Critical Role The Legend of Vox Machina: Bawdy, Bloody, and Funny

With The Legend of Vox Machina, Critical Role comes full circle from being voice actors playing D&D (first in a private game, then streaming on Geek & Sundry) to an $11 million Kickstarter for an animated special. That success attracted streaming network interest, which then morphed into a 24-episode animated series where they're voicing their own characters.

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If you've never watched Critical Role Season 1 or read any of the stories, TLoVM the animated series is easy to jump into. Instead of being exposition heavy or thrusting viewers into a lot of world building, it starts with some classic fantasy – especially fantasy RPG – tropes like a drunken bar brawl and mercenaries being killed (a TPK) by a mysterious force. Those scenes are delivered with hefty dose of humor, a bit of blood, and some nudity.

This isn't the '80s Saturday morning Dungeons & Dragons cartoon for kids. While there is gore, it's less than an episode of Invincible and far less than that show's season 1 finale. Similarly, TLoVM has nudity and a bit of sex in the first few episodes, but far less than Game of Thrones.

Vox Machina is an established group at the start of the series, but one that needs money and has a less than stellar reputation. The land of Emon is being ravaged by a mysterious threat. A bit of desperation on both sides leads to the bickering heroes taking the job.

TLoVM is bawdy, bloody, and funny, but it also has heart. The first two episodes tell a complete story with an obvious hook at the end that leads into the rest of the episodes – and a stinger hinting at new threats.

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The animation style has clean lines with some anime influence, but nothing excessively intricate or artsy. At the same, the art direction has style, like a scene that adds interest to the characters walking by showing it through a spider's web dotted with raindrops.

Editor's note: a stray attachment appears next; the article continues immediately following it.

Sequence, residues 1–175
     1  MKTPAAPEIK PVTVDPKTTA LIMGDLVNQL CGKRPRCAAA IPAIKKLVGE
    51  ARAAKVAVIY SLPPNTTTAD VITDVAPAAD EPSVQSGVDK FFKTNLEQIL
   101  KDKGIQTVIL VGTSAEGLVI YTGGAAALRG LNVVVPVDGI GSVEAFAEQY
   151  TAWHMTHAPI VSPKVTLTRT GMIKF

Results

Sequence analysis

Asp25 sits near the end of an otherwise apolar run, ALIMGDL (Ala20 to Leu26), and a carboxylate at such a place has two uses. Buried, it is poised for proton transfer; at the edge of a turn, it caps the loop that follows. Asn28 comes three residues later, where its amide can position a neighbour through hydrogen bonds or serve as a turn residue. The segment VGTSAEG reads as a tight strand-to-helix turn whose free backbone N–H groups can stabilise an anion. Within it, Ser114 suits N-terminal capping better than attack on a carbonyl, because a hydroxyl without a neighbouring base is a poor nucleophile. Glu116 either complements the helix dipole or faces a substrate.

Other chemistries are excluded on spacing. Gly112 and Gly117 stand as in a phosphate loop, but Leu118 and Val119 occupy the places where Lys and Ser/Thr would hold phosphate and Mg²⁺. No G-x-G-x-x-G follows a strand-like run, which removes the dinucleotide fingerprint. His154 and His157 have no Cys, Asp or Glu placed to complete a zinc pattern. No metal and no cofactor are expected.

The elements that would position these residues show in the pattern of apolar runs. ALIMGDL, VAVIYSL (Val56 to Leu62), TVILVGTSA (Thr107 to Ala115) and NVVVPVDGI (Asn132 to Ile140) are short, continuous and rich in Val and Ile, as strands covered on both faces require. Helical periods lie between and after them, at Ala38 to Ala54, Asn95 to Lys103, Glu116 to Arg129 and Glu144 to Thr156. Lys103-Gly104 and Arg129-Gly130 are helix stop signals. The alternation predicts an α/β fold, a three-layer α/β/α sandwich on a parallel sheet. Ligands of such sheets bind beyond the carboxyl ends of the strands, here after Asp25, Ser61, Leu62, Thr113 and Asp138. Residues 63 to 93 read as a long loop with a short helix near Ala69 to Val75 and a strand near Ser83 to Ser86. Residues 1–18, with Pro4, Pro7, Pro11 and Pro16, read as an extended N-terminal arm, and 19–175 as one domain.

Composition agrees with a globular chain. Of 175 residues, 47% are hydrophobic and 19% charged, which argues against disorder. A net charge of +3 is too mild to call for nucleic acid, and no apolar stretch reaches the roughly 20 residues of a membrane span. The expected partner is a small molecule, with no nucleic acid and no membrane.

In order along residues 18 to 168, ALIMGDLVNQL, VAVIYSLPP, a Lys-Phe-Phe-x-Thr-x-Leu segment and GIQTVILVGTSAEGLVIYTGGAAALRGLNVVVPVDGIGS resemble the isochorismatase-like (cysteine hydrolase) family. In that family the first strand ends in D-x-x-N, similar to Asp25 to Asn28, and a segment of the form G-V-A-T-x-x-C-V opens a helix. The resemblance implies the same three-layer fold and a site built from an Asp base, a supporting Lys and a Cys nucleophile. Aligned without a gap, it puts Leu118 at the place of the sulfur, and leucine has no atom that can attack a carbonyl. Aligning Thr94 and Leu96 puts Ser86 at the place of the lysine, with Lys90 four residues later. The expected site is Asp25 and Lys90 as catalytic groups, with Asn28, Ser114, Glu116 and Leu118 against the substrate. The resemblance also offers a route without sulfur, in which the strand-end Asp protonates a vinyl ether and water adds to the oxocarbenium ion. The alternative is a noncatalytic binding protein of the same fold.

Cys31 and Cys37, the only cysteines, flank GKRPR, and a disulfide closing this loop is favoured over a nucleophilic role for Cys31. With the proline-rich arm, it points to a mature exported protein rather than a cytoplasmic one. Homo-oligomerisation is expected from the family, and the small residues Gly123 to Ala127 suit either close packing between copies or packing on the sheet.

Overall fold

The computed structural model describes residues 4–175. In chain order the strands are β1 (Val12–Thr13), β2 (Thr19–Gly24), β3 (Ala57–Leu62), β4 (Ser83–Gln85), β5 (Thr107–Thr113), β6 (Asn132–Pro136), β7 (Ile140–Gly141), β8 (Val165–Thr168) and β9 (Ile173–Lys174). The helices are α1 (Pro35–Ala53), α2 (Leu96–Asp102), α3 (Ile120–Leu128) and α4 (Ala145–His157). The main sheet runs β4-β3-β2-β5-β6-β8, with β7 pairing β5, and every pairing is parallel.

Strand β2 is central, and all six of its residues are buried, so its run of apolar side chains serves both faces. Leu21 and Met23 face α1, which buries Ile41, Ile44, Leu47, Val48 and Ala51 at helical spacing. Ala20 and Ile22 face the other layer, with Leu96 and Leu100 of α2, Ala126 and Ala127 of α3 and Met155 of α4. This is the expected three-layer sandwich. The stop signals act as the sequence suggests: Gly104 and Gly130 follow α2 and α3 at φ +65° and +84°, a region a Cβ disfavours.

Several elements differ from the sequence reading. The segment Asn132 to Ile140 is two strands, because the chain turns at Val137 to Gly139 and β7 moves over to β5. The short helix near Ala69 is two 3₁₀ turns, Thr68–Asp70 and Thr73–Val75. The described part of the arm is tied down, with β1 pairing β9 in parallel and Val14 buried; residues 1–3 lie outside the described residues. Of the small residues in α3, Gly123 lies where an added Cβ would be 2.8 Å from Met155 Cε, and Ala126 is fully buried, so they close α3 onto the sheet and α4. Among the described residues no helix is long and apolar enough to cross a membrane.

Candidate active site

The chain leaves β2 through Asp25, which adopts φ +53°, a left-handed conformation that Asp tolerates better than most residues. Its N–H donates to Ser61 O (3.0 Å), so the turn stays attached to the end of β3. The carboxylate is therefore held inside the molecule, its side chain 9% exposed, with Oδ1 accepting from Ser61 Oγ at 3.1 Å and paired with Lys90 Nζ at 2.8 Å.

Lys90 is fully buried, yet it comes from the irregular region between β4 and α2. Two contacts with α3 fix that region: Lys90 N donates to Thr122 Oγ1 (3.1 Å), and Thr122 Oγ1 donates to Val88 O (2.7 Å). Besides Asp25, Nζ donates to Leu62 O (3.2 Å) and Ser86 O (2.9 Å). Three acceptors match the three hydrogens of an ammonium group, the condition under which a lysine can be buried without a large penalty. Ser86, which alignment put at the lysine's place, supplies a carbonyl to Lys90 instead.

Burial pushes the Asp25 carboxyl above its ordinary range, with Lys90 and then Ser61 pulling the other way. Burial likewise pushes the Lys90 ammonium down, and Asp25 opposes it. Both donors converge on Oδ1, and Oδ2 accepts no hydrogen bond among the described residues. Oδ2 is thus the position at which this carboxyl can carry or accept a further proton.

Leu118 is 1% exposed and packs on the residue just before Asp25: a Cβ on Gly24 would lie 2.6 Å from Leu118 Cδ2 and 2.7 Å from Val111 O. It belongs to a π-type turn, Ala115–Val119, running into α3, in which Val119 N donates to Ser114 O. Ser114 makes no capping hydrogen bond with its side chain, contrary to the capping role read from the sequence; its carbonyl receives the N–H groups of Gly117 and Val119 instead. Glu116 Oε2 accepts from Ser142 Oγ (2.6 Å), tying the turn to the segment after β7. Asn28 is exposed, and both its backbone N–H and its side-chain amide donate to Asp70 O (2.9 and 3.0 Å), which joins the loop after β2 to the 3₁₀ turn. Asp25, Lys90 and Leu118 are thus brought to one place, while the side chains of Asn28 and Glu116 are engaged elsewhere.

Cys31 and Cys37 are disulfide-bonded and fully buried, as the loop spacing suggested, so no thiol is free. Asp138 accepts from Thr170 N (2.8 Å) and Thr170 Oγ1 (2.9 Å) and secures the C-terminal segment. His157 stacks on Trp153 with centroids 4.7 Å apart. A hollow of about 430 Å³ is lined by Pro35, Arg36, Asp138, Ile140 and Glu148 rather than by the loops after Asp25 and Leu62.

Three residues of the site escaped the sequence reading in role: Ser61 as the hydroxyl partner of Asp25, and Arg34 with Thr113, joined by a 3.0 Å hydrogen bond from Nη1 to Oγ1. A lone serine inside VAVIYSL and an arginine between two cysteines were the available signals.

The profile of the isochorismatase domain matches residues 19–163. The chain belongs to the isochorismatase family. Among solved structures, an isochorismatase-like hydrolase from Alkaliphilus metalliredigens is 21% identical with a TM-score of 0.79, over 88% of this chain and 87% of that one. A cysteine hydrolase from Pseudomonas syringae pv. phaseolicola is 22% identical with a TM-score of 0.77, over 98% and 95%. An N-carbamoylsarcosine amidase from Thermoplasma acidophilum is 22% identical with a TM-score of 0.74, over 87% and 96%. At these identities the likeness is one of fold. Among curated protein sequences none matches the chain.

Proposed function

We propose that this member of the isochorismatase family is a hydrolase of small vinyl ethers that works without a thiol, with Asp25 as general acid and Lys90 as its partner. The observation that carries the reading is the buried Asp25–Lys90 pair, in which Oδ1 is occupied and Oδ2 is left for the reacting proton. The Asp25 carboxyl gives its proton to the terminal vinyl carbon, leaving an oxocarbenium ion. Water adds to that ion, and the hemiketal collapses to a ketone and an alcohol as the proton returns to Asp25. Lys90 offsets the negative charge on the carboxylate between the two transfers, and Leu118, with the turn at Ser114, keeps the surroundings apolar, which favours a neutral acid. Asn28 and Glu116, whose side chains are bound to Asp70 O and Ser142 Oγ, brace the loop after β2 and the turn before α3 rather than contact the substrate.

The first episode establishes the eight members of Vox Machina quickly with the following episodes building nicely upon each character's traits. Matthew Mercer voices several of the supporting characters, but in this format he doesn't have to cover all of the NPCs. The guest star talent includes David Tennant, Stephanie Beatriz, Tony Hale. Felica Day is the voice of a bandit.

And if they don't sell a stuffed toy bear version of Trinket at some point, Critical Role is missing out on a merchandise opportunity. TLoVM hits the perfect sweet spot between making Vex's companion bear fierce in battle, amusing when waiting, and adorable the rest of the time.

No critic has been given advance access to the entire first season, let alone all 24 episodes, so it's impossible to say how well the entire story arc plays out, but the first few episodes are entertaining and well made.

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You don't have to be a fan of Critical Role to enjoy The Legend of Vox Machina, but if you're a fan of fantasy adventure, TLoVM might turn you into Critter. The Legend of Vox Machina debuts on Amazon Prime on Friday, January 28, with the first three episodes. Critical Role will be holding watch parties on their Twitch channel at 7pm Tuesdays.
 

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Beth Rimmels

Beth Rimmels

MNblockhead

A Title Much Cooler Than Anything on the Old Site
Honestly that's the only thing in the entire series so far that has bugged me.
It bothers me as a gamer thinking tactically, but not from a story sense. In the heat of battle, it was (1) unexpected and (2) the golems would seem the like the most immediate threat. It totally makes sense that a bit of time would be wasted adjusting to the new threat. Now they are not level one characters, you can argue that they should know better and be able to act more tactically. But did they know that taking down the caster would stop the golems? That's not how golems usually work. Maybe it is reasonable that it wouldn't immediately occur to them that the objects were being animated by a concentration spell.
 

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werecorpse

Adventurer
Well I have watched the whole first season now and enjoyed it. I may even re watch it. I am not a critter but would be happy to see more of the story & would be happy if future D&D tv shows or movies were similar quality.
There were bits that were obvious D&D like bigbys hand, counterspell, lightning bolt and others that were just narrative stuff like Deliliah’s blasts - I thought it was a good mix.
well done again to the critical role team
 




Oofta

Legend